Descripción de editorial
“The happiest, saddest, sweetest book about rock ‘n’ roll that I’ve ever experienced.”—Chuck Klosterman
Mix tapes: We all have our favorites. Stick one into a deck, press play, and you’re instantly transported to another time in your life. For Rob Sheffield, that time was one of miraculous love and unbearable grief. A time that spanned seven years, it started when he met the girl of his dreams, and ended when he watched her die in his arms. Using the listings of fifteen of his favorite mix tapes, Rob shows that the power of music to build a bridge between people is stronger than death. You’ll read these words, perhaps surprisingly, with joy in your heart and a song in your head—the one that comes to mind when you think of the love of your life.
Praise for Love is a Mixtape
“A memoir that manages, no small feat, to be funny and beautifully forlorn at the same time.”—The New York Times Book Review
“Humorous, heartbreaking, and heroic.”—Entertainment Weekly
“The finest lines ever written about rock ‘n’ roll . . . Like that song on the radio, every word of Rob’s book is true. Love is a mix tape.”—Rolling Stone
“Many of us use pop culture as a mirror of our emotional lives, but Sheffield happily walks right through the looking glass.”—Los Angeles Times
“Sheffield writes with such aching remembering, you feel like you are invading his privacy . . . and it’s the truth of those details that make this memoir so touching.”—Newsweek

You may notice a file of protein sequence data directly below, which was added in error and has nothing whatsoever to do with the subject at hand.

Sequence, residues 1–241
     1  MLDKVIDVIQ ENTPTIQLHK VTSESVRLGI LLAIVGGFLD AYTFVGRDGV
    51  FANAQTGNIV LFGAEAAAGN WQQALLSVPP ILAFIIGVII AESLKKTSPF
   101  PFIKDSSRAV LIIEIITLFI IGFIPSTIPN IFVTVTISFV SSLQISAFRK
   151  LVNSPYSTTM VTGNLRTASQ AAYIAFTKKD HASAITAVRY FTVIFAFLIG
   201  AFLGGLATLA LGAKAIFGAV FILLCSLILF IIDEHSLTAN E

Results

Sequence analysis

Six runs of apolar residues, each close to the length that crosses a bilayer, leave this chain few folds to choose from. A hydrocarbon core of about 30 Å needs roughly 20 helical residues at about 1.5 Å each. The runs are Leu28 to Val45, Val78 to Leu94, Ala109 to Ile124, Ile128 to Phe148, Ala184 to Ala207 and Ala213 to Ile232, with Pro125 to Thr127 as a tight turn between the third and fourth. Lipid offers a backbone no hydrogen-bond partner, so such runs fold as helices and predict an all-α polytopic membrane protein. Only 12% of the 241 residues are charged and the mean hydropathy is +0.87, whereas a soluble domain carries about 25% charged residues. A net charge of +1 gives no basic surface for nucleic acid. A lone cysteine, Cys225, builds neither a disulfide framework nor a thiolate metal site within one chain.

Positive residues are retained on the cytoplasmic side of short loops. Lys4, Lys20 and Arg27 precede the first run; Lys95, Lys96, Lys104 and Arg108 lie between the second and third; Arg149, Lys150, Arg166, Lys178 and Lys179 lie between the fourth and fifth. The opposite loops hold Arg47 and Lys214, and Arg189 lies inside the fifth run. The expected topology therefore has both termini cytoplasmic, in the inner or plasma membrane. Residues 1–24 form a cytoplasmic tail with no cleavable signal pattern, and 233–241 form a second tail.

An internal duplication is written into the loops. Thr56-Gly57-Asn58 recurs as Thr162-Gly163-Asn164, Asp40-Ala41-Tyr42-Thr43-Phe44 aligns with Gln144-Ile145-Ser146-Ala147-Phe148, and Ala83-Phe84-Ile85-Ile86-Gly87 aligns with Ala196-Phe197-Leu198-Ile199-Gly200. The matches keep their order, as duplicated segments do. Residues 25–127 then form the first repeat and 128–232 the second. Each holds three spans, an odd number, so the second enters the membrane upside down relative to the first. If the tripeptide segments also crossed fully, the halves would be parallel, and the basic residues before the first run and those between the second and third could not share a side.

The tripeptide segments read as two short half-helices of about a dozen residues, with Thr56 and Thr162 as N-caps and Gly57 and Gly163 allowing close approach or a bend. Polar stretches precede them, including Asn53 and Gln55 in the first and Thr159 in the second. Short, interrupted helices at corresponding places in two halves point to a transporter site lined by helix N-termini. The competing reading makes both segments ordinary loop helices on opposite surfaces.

A celebratory eulogy for life in "the decade of Nirvana," rock critic Sheffield's captivating memoir uses 22 "mix tapes" to describe his being "tangled up" in the "noisy, juicy, sparkly life" of his wife, Renee, from the time they met in 1989 to her sudden death from a pulmonary embolism in 1997. Each chapter begins with song titles from the couple's myriad mixes "Tapes for making out, tapes for dancing, tapes for falling asleep" and uses them to describe a beautiful love story: "a real cool hell-raising Appalachian punk-rock girl" meeting in graduate school a "hermit wolfboy, scared of life, hiding in my room with my records," and how they built a tender relationship on the music they loved, from the Meat Puppets to Hank Williams. Their bond as soul mates makes his reaction to her death deeply moving: "I had no voice to talk with because she was my whole language." But Sheffield's wonderful, often hilarious and lovingly detailed stories about their early romance and their later domestic life show how they created their own personal "mix tape" of life in the same way a music mix tape "steals moments from all over the musical cosmos and splices them into a whole new groove."